Google has been found guilty in a Russian antitrust probe initiated by Yandex earlier this year, reports Vedomosti [in Russian].
Russia’s Federal Antimonopoly Service (FAS) recognized that Google restricts the competition in the market of app stores. Agreeing with Yandex that Google is forcing manufacturers of mobile devices on the Android operating system to give up preset applications that compete with the products. In other words, Google was found guilty of “abusing its dominant market position”. Yandex believes this can help to restore the competition on the mobile market.
Google is expected to be fined with the amount of 1-15% of their turnover in the market where the law violation occurred. “Since we are talking about the market pre-installed app stores, the punishment may not be imposed on the Russian entity of Google, but rather on Google Inc. and Google Ireland,” reports Vedomosti.
This is quite a big ruling since it can lead to similar verdicts in other markets around Europe as well.
The stock exchange was not late to react on the news and Yandex shares soared over 7% on Nasdaq following the regulator’s decision reports NASDAQ.
The personal data localization law obliging foreign companies operating in Russia to process and store personal data they collect about Russian citizens and residents on the Russian territory goes into effect today.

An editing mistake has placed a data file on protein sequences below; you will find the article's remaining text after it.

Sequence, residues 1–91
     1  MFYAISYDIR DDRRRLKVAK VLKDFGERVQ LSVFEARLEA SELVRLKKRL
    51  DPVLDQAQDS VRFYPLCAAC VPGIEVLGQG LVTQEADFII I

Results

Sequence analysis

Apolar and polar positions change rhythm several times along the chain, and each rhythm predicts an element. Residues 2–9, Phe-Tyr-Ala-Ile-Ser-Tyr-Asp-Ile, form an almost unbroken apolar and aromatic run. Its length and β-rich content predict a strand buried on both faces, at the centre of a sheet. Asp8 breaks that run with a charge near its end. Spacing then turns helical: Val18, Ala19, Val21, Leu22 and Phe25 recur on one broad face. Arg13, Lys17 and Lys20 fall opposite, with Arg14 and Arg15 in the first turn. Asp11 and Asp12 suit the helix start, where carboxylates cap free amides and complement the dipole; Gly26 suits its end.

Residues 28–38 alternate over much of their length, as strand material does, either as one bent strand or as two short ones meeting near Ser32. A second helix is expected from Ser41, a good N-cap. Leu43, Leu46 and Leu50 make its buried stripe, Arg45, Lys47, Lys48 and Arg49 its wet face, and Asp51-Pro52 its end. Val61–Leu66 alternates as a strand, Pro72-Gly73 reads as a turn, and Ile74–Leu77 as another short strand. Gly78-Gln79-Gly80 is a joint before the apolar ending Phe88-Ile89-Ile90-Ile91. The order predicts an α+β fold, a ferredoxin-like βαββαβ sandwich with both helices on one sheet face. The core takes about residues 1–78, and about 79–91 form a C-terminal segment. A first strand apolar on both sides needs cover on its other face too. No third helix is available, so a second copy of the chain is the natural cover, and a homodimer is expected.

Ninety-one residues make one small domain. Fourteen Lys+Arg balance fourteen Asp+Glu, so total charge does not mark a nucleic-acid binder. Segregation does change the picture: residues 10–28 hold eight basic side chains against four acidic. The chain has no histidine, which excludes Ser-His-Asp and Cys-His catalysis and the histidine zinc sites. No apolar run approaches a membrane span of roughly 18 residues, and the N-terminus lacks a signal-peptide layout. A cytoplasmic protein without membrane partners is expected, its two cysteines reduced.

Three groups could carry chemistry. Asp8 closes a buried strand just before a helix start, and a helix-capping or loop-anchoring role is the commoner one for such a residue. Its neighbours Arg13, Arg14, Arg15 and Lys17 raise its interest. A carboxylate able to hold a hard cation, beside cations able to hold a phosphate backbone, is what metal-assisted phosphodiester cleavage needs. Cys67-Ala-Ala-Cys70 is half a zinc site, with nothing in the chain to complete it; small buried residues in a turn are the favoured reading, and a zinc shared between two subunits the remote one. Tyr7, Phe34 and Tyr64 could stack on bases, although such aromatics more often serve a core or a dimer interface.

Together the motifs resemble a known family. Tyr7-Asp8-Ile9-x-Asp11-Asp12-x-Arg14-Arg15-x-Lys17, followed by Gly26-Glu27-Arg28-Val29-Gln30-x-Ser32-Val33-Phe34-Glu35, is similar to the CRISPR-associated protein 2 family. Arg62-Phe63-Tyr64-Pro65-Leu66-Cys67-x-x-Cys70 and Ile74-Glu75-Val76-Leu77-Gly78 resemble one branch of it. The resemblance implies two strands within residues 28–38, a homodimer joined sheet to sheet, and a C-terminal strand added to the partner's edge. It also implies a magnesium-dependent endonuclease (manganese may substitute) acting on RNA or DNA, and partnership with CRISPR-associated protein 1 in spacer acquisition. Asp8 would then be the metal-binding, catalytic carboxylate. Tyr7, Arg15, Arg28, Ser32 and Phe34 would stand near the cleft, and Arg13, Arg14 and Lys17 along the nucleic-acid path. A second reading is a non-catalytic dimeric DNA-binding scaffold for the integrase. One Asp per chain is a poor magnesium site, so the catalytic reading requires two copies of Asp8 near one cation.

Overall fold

A lot of large companies, such as Google, PayPal, eBay, and many others, started moving their servers to Russia already in the beginning of the year, however according to the Russian Association of Electronic Communications (RAEC), only 54% of all marker players are ready to comply with the new law at the moment.
RAEC created a portal [in Russian] where they accumulated a lot of information about the law, what it means for companies and consumers, as well as implications for non-compliance. If you haven’t moved your servers to Russia, we urge you to check it out in order to assess the risks.
Bonus: Russia Beyond the Headlines shared this useful inforgaphic that nicely summarizes the situation as of today.
Yesterday I read something, as I thought at first, totally ridiculous, but it seems to be happening for real. In Belarus from today it is forbidden to provide any kind of services or sell any kind of goods on the Internet from a website with any other top level domain than .BY.
Cnews.ru reports that according to the new law companies and individuals will be administratively punished for doing business with foreign sites. Even Internet cafes providing access to forbidden sites will be forced to pay fines. The fine for violating this law will be up to 30 “units”, which is currently 1,05 million Belarusian rubles, which is approximately 120 USD.